The night of April 14, 2014 was different. In their largest raid, they took 276 girls from their school in Chibok, in a convoy of up to 20 Hilux trucks. The military first downplayed the numbers of girls taken, and then claimed they rescued the girls, which was in turn denied by townspeople.
On May 5, 2014, three weeks after the kidnapping, Boko Haram’s leader Abubaker Shekau released a video claim of the abduction, sparking international media interest. He first chanted ISIL’s main slogans, dawlat al-Islam qamat, dawlat al-Islam baqiya (The Islamic State remains, the Islamic State expands), and then issued a nearly one-hour speech in which he said of the girls, “God instructed me to sell them as slaves, they are his properties and I will carry out his instructions.”
On May 12, 2014, a second video further amplified international reports. This video showed around 130 of the girls wearing long hijabs, chanting Qur’anic verses at gunpoint, and responding to “interview questions” from uniformed Boko Haram militants. In the first part of the video, Shekau also proposed an exchange: the release of Boko Haram prisoners for the schoolgirls.
Then in June 2014, American drones reportedly sighted some 80 of the girls in the Sambisa Forest of Borno State, but a rescue attempt was not made. There were fears that efforts to free these girls would endanger the others. Around this time, an Australian negotiator, Dr. Stephen Davis, reported he was involved in talks to secure the girls’ release. He did not offer evidence but claimed power-brokers in northeastern Nigeria ultimately blocked him. His belief at this stage was that few of the girls were in Nigeria, but instead in Niger, Cameroon, and Chad.
In October 2014, international media widely reported further negotiations, and promises of the girls’ imminent release. Shekau appeared in a video soon after to deny this, saying: “If the women of Chibok … if you know the condition your daughters are in today it could lead some to convert to Islam and some to die from grief.”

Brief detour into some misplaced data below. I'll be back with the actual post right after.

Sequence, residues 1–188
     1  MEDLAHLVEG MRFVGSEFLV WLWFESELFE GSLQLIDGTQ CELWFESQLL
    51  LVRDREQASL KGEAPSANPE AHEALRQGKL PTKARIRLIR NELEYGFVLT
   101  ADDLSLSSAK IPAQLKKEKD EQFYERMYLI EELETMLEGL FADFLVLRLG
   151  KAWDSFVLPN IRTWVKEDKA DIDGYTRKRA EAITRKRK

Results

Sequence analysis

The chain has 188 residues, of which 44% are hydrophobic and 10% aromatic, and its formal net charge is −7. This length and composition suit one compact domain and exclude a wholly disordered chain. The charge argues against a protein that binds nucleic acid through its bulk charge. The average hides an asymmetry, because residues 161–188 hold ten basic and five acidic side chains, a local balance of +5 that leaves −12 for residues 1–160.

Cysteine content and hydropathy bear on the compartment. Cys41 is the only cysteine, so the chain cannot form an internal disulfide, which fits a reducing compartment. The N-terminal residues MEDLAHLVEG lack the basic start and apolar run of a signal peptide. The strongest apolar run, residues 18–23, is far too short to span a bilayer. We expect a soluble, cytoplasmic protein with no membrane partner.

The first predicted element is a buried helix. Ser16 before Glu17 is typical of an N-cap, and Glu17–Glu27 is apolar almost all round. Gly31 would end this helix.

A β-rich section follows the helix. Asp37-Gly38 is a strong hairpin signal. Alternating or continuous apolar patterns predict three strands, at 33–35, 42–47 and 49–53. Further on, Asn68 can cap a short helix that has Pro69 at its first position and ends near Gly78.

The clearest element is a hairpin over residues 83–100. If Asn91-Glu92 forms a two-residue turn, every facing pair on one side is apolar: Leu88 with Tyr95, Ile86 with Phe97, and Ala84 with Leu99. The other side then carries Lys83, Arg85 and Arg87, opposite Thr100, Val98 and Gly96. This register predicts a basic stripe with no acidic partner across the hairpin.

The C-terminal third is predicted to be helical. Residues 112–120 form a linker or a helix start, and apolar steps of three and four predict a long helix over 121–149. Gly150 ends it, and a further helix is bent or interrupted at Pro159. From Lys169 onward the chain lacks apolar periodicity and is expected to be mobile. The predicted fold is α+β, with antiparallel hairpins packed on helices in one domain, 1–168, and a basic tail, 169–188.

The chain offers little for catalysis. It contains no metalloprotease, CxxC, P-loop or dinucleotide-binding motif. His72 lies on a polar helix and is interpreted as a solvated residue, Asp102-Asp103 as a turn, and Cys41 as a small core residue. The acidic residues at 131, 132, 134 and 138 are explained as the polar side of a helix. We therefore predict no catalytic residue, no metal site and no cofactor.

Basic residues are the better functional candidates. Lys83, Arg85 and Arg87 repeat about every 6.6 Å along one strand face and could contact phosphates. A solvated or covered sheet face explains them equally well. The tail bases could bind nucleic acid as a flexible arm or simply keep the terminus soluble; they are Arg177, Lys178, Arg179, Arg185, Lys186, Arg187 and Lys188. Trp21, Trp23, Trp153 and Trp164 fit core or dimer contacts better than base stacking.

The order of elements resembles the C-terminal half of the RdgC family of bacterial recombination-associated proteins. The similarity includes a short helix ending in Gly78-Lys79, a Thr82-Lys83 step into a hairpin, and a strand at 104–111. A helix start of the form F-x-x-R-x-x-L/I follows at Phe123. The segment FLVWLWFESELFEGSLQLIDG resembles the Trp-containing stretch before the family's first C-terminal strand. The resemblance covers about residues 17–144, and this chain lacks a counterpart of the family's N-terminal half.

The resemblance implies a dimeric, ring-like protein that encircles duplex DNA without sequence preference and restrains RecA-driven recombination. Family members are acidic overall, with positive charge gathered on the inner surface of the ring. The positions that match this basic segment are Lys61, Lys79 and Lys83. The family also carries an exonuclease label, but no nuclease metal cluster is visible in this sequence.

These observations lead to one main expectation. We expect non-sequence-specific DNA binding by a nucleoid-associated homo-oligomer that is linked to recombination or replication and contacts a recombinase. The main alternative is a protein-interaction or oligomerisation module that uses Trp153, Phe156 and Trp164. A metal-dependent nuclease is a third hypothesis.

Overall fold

In January 2016, President Buhari announced a new investigation into the fate of the Chibok girls. But the international momentum of #BringBackOurGirls is gone; efforts to secure the Chibok girls’ release appear absent; and reports that they are now Boko Haram “fighters” reduce hope.
And, as noted above, on the second anniversary of the kidnapping in April 2016, CNN released the proof-of-life video in which only 15 of the Chibok girls appeared.
“Received Wisdom” and its Critiques
The new video offers some small hope. But the prevailing narrative has been that the girls have been trained as Boko Haram killers, based largely on interviews conducted with the now dozens of female survivors of Boko Haram camps. There have now been numerous reported sightings of the “Chibok girls,” mainly from other abducted women.
In 2015, a BBC documentary reported the claims of three women held by Boko Haram in different camps to have seen women dubbed “Chibok girls” who were engaged in beatings of other women, and executions of men. The BBC stressed these could not be independently verified. Similar reports have since been repeated by other women, to other reporters and researchers. The stories vary but consistent themes include that the Chibok girls are converted, meting out killings and punishments, and are better treated than other women in the camps. Some eyewitnesses claim to have seen the Chibok girls themselves; while others heard Boko Haram members boast of how the Chibok girls were brainwashed. According to this narrative, the Chibok girls are used as a cautionary tale, to further terrorize or incentivize the abducted.